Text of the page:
This was not the first pig I had done, but actually the second. The first one was pink, and didn't garner the attention that Olivia did.
Another piece of fabric I could "see" a bear made out of was actually a pair of pants. I struggle with purchasing a piece of clothing and cutting it up to use the fabric, but this particular piece was something I knew I could never purchase yardage of at a fabric store. Besides, do people really wear pants made from furry fabric? Anyway...the end result was "Panto", who now lives in Missouri.
I've been working on some other pieces lately, especially pincushions, some of which are animal related. I'll get some photos of those and post to share.
I was reading my e-mail last night when I saw a message about "floor trading". This is when people go to shows where you are set up, and sell their wares out of their bags or purses. Some are blatant about it - others more discreet. I had written about this before, but it appears that it's one of those things that a lot of people just don't want to complain about. Why not? You've paid for your space, and they are taking money out of your pocket with every sale they make. Are we afraid the promoter won't let us have a space next time? For me, if the promoter won't take responsibility for protecting my sales, I don't want to put money in their pocket by purchasing a space. Those that do participate in "floor trading" always offer the same excuse - they couldn't afford the booth fee or didn't have enough merchandise to fill an entire space. As shoppers, we shouldn't purchase from these people either. It's not good for the future of shows, in my opinion. Paying vendors will stop participating if they have to compete with these people. I belong to several online groups, and a lot of people share photos of their work. They also tend to share the links to tons of free projects. I started noticing a trend. Almost without fail, every time a new photo was posted, there would be an immediate response along the lines of "great piece", "beautiful work", etc. Your ego is boosted, your work is validated, and you feel good about the piece you designed and worked so hard on. The feeling dissipates when the next line reads - "Can I have a copy of the pattern?" What type of response can you give without sounding like Grumpy Gus? Not all patterns are free and not all designs will be shared. Sharing patterns that you designed to sell or that were purchased puts everyone in a difficult position. Of course, there are plenty of people that are more than happy to share their patterns at no charge, and to them, we should all be grateful.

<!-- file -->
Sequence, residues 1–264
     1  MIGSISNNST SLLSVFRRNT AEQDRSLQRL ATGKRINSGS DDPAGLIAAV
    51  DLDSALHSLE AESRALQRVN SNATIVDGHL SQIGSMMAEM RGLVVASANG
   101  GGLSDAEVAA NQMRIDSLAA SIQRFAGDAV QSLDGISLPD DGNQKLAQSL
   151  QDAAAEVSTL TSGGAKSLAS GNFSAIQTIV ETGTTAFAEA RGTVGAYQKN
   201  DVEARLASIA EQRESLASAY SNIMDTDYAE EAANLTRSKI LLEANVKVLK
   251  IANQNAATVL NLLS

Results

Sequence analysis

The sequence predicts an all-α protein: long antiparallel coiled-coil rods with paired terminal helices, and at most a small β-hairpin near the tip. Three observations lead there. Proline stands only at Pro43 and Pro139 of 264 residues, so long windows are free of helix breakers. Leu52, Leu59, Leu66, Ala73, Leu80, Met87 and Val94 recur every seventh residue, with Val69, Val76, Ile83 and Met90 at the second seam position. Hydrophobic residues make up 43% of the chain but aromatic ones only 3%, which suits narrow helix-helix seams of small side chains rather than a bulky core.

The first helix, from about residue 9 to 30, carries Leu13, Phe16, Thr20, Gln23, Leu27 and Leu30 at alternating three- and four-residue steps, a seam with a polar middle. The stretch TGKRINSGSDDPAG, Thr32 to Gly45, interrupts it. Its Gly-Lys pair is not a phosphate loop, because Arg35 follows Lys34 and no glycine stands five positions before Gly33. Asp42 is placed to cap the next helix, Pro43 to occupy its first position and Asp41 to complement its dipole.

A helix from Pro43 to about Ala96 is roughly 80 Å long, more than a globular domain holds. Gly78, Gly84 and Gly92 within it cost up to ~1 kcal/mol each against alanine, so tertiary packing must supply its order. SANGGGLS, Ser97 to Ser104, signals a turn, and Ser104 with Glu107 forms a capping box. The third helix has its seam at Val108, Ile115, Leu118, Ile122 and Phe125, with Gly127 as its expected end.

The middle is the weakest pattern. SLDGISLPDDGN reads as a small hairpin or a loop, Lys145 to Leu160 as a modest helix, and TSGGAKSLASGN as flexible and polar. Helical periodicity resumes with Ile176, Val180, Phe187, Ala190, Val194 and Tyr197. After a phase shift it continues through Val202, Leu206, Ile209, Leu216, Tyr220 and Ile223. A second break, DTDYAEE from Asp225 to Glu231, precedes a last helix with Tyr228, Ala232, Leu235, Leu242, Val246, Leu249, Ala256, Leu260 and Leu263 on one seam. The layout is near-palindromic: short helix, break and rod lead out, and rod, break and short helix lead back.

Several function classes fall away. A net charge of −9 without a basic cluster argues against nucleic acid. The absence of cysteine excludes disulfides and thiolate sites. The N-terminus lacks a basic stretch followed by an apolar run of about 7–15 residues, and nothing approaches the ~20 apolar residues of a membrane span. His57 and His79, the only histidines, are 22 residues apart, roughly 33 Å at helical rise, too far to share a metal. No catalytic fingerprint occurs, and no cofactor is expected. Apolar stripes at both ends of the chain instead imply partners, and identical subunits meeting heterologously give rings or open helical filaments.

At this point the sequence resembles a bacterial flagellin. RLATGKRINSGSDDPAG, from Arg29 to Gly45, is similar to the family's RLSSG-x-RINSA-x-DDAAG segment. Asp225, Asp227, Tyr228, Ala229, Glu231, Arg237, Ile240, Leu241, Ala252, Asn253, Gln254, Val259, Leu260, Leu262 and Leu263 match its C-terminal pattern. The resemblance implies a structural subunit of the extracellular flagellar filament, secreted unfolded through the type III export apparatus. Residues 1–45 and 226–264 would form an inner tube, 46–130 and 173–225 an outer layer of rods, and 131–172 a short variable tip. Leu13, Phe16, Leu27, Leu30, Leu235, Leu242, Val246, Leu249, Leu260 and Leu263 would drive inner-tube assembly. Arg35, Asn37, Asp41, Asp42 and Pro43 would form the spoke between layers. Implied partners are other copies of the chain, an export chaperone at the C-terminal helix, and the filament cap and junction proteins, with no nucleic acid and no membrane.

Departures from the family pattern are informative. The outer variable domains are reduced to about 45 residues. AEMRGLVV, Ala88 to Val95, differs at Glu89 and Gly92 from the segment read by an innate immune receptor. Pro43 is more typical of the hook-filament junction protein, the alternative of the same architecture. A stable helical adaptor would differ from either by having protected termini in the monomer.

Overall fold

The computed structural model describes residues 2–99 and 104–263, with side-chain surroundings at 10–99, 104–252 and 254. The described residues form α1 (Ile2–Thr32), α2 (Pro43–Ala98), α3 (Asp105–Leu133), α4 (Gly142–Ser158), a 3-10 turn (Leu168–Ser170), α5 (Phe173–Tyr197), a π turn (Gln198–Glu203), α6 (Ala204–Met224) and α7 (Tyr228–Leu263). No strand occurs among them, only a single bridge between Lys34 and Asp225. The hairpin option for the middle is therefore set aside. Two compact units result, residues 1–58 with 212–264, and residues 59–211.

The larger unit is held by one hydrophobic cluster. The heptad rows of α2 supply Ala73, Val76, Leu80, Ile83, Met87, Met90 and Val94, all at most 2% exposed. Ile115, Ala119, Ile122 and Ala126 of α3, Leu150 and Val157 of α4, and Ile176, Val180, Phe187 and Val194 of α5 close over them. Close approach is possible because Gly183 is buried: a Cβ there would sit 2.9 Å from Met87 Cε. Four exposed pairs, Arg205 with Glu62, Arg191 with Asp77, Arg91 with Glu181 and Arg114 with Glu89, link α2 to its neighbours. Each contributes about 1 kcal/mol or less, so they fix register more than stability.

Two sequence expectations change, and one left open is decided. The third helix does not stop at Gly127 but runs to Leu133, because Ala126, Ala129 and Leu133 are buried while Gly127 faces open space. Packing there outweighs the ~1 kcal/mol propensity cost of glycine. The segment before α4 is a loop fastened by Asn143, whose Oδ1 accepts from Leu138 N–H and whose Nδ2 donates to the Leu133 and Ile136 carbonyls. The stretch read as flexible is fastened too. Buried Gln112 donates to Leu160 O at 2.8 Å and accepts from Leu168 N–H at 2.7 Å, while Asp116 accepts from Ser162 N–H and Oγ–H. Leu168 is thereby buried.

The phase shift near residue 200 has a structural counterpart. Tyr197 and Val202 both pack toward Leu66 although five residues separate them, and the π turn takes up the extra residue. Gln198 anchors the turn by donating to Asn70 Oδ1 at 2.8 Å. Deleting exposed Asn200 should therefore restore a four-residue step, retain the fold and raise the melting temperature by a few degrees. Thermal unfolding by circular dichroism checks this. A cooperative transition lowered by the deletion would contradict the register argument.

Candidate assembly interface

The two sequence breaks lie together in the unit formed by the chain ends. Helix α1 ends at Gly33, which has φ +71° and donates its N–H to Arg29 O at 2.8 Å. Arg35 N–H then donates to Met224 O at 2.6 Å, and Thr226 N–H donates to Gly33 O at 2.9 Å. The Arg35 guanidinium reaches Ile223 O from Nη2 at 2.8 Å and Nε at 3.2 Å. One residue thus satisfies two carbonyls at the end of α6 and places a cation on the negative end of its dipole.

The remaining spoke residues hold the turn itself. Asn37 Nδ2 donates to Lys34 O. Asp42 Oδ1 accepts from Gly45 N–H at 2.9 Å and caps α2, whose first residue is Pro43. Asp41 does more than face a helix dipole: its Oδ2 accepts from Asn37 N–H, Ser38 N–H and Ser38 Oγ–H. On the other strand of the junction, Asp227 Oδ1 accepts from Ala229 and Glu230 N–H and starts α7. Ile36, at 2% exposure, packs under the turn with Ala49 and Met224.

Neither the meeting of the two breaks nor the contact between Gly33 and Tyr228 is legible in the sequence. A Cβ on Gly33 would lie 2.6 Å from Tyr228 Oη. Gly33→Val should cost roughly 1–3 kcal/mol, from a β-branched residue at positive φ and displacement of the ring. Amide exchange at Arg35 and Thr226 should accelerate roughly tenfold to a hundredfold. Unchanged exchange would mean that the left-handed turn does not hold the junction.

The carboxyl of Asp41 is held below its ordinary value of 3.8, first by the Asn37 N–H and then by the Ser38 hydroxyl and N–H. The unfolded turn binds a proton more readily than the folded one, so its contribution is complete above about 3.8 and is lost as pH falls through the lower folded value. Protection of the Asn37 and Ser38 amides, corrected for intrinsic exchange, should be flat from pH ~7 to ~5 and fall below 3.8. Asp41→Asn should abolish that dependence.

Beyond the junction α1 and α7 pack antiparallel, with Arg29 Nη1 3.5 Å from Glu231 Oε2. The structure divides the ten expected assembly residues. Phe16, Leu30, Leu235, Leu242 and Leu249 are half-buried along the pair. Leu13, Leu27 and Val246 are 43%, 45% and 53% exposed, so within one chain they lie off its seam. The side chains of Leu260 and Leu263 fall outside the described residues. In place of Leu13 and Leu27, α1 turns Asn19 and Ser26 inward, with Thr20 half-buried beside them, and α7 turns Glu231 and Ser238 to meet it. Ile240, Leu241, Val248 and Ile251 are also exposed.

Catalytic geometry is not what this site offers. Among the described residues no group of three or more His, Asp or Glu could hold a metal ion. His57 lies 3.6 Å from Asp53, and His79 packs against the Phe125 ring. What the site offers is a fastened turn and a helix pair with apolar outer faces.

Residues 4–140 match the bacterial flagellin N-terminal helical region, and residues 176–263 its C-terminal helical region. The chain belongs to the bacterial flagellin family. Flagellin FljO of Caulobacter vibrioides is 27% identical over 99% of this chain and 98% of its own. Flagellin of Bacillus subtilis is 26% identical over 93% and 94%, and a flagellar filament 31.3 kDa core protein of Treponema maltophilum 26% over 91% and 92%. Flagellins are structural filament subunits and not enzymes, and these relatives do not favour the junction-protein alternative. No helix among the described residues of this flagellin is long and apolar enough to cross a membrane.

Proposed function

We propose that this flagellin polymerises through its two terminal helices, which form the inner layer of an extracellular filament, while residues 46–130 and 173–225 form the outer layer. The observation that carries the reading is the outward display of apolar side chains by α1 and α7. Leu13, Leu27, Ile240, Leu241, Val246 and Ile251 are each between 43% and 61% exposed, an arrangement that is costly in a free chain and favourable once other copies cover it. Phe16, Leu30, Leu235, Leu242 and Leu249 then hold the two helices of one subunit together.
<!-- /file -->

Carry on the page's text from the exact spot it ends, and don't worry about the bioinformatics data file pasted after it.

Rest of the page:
I try to be generous and often make donations of my items to guilds for their money-making efforts. Lately, I've received several generic letters from guilds addressed to no one in particular asking for donations. They don't offer the opportunity to pay and participate in their shows - but they aren't shy about asking for donations "with a value of at least $25 - $50" that they can use for fundraising. At the very least, they could put our names on the letter. I wonder if they even know what type of product I make.
On the flip side, maybe some things should be free. For instance, I was interested in possibly participating in a big, 4 day show this fall. I downloaded the application, and saw that they required at least three color photos of my work, a photo of a booth from another show AND samples of my merchandise, tagged with the retail price. They charged $15 to process my application and unless your provide them with a prepaid shipping label, you don't get the samples back - whether you get a booth or not. HELLO! The booth fee is $900 and they take 10% of your sales. The real sting came when they bragged that there was $13.7 million dollars in total sales at last year's show. Now, this is obviously a successful show, but with that success, the option of keeping my "samples" is not an option. If you don't pay the return shipping, they sell the samples and keep the money, thus the reason for wanting the retail price. With an all volunteer staff, why does it cost $15 to apply? I'm not asking for it to be free, but, after all, I am paying you $900 AND 10%. Sheesh! I think I'll pass.